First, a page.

Victorian Preparedness Goal

The Victorian Preparedness Goal is:

“A safer and more resilient community that has the capabilities to withstand, plan for, respond to and recover from emergencies that pose the greatest risk.”

This Goal is the foundation of the Framework, and it seeks to represent all Victorian communities, Victoria’s First Peoples, community groups, networks, businesses, individuals, households, visitors to Victoria, government, and non-government organisations, along with the emergency management sector.

The emphasis on resilient communities aligns with the concept of preparedness as a shared responsibility, where effective mitigation, planning, preparedness, response and recovery activities are dependent on all of Victorians working together in emergencies.  

Emergency management capability model

Emergency management capability model shows how the Victorian Preparedness Goal is the foundation of the Victorian Preparedness Framework’s process for assessing capability and capacity.

6 steps surround the framework goal “A safer and more resilient community that has the capabilities to withstand, plan for, respond to and recover from emergencies that pose the greatest risk.” They are:

  1. Use risk to determine scenarios for assessing capability and capacity.
  2. Evaluate required capability elements (p.#)of core capabilities.
  3. Estimate current capability.
  4. Identify capability gaps.
  5. Identify sources of additional capability and capacity.
  6. Leverage capability via available means.
Emergency management capability model

Assessing our capability and capacity 

To ensure effective and efficient emergency management, it is fundamental that the core capabilities are tested.

Levels of capability are measured through determining if Victoria can deliver on its capability target. This is done in the context of the developed scenarios.

By comparing reported levels of capability with the capability target, gaps may be identified. These gaps can then drive priorities, planning and decision making into the future as we work to close or manage the gaps identified. The 5-step process to assess capability and capacity table outlines how to assess capability.

5-step process to assess capability and capacity

Step Summary


Evaluate the capability elements required to deliver each capability target.

What is required to deliver each target?

(see Process for determining capability targets).


Estimate the capability elements currently available in Victoria to deliver each capability target.

What is currently available in Victoria to deliver each target?


Explain the gaps identified for each capability target.

Identify what is missing.


Identify where additional capability and capacity is available to assist with identified gaps.

Where else is agreed capability available? (Including state, interstate and international agreements, arrangements and supporting relationships; additional expected volunteer capability).


Select and describe the most significant areas to leverage capability through partnerships or other means.

Where could capability be leveraged in the future?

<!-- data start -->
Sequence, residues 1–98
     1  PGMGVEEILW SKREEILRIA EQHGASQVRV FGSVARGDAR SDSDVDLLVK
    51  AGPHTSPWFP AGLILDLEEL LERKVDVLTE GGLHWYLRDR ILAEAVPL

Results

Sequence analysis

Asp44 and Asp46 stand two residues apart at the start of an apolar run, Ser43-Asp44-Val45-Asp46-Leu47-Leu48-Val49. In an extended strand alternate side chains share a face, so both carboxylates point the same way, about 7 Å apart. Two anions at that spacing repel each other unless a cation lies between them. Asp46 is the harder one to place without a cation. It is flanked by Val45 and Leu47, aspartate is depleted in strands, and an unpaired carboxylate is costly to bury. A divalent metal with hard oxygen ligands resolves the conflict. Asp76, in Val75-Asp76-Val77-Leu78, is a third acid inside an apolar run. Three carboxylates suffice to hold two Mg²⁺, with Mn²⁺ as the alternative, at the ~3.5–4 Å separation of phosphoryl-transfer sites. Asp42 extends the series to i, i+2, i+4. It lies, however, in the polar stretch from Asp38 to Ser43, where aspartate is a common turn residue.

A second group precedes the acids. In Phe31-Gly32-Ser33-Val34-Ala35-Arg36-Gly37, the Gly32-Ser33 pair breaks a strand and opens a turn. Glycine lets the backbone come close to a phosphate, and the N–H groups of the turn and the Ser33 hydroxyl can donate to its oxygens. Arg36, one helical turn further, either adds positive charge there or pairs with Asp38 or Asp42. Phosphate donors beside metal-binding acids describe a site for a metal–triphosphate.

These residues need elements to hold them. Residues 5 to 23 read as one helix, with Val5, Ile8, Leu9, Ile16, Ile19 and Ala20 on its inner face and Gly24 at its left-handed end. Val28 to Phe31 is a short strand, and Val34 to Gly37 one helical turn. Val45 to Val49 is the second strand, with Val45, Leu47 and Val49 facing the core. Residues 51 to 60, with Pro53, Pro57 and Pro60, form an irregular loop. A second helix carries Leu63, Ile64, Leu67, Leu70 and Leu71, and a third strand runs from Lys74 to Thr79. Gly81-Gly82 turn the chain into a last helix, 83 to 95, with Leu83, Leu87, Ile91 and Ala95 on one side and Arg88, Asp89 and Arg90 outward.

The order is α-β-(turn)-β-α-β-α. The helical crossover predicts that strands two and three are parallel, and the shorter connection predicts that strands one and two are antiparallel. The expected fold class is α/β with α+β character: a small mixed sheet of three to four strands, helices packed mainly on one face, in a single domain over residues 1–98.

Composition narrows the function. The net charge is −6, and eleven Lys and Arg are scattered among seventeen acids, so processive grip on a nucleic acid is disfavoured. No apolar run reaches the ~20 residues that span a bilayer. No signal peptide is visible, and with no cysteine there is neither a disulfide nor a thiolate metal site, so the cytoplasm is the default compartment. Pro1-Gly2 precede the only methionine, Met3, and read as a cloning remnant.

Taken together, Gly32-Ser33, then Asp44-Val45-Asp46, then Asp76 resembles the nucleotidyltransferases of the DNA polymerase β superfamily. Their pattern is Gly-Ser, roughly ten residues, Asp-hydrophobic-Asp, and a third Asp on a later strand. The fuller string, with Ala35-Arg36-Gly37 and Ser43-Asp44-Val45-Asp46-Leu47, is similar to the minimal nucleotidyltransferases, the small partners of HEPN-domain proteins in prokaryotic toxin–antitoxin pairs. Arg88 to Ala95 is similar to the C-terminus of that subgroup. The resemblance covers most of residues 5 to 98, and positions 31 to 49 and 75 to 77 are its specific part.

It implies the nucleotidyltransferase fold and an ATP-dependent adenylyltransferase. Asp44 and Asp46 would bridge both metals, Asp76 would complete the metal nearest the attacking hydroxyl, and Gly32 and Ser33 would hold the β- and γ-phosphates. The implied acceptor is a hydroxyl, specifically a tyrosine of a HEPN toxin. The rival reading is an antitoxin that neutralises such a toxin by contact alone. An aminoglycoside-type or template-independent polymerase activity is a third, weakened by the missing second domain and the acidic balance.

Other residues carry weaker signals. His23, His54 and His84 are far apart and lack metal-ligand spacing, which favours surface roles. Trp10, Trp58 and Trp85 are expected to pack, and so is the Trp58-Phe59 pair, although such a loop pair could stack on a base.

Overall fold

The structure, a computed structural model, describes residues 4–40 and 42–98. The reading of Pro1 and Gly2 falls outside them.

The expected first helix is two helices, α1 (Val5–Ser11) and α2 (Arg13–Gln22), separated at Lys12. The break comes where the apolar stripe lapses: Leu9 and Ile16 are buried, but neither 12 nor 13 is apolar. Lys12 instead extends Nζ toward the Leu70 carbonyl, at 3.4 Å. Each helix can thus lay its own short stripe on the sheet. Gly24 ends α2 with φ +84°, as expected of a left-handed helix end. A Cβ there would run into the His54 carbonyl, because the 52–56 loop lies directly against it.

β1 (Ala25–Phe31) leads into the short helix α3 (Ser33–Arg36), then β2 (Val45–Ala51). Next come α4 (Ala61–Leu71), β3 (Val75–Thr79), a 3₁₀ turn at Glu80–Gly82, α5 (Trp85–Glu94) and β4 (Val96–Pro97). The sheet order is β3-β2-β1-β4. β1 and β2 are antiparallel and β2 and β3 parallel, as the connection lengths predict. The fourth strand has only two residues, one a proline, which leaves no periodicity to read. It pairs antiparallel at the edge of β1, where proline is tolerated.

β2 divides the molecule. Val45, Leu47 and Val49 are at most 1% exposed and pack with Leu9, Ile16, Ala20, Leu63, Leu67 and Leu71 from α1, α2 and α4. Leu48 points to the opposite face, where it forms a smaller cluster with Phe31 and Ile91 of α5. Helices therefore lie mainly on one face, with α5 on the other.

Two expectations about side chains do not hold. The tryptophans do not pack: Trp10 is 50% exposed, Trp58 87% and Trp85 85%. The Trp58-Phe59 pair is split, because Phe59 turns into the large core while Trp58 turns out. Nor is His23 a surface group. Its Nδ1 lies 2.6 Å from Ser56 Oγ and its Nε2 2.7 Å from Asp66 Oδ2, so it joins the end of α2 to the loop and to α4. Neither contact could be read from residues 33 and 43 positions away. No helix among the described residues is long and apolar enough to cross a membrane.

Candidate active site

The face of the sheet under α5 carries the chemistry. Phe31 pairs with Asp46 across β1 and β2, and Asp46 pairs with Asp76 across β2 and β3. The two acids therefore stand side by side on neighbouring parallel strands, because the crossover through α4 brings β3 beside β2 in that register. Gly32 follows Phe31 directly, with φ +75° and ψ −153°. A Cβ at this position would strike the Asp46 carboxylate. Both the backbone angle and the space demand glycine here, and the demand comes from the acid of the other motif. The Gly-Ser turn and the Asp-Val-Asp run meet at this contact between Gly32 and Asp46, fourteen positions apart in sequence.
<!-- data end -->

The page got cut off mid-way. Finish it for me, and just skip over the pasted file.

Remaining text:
Process for determining capability targets

A capability target is a desired outcome.

How to estimate or determine a capability target table describes how to estimate or determine a capability target. By combining the impacts and desired outcomes (steps 2 and 3 below), a capability target can be developed.

The targets are aspirational and based on evidence-based, high impact, most plausible scenarios. They provide a common approach for the sector to understand the requirements for emergencies and are a tool to identify what the community, businesses and other organisations could provide, so Victoria is better prepared for major emergencies.

How to estimate or determine a capability target

Step Step Summary Example


Select which capability to estimate

Choose the:
a) core capability
b) critical task and
c) scenario.

a) Core capability 14: Health Emergency Response.
b) Critical task 14.5: Undertake and coordinate patient transport.
c) Scenario: Hazmat emergency.


Identify impacts

Identify the impacts from the scenarios related to the critical task.

18,275 ill/affected, with approximately 6,289 requiring transport.


Consider desired outcomes

Consider the desired outcomes that are being aimed for.

Within 60 minutes after the establishment of an Emergency Management Team (EMT), a Patient Distribution Plan is developed, and implementation commenced within 15 minutes.


Develop capability requirements

Combine the impact and the desired outcomes to develop the capability target.

Develop a Patient Distribution Plan within 60 minutes of the establishment of an EMT, to manage up to 6,289 patients.

Within 15 minutes, commence implementation of the Patient Distribution Plan to transport identified patients as required.


Repeat Steps 2-4 for all 8 scenarios

The scenario that resulted in the highest capability requirements across all scenarios becomes the capability target for that particular critical task.


Using this process, capability targets have been prepared in consultation with emergency management agencies[1]. The capability targets assist the sector to understand its own capability and capacity requirements and provides an opportunity for the sector to look at optimising community, business and government capability and capacity for mitigation, planning, preparedness, response, and recovery for emergencies.


End notes

[1] The capability targets prepared through this process are not distributed widely, as a widespread knowledge of each target may encourage respondents to provide aspirational responses when undergoing an actual assessment of a particular core capability. The capability targets are held by Emergency Management Victoria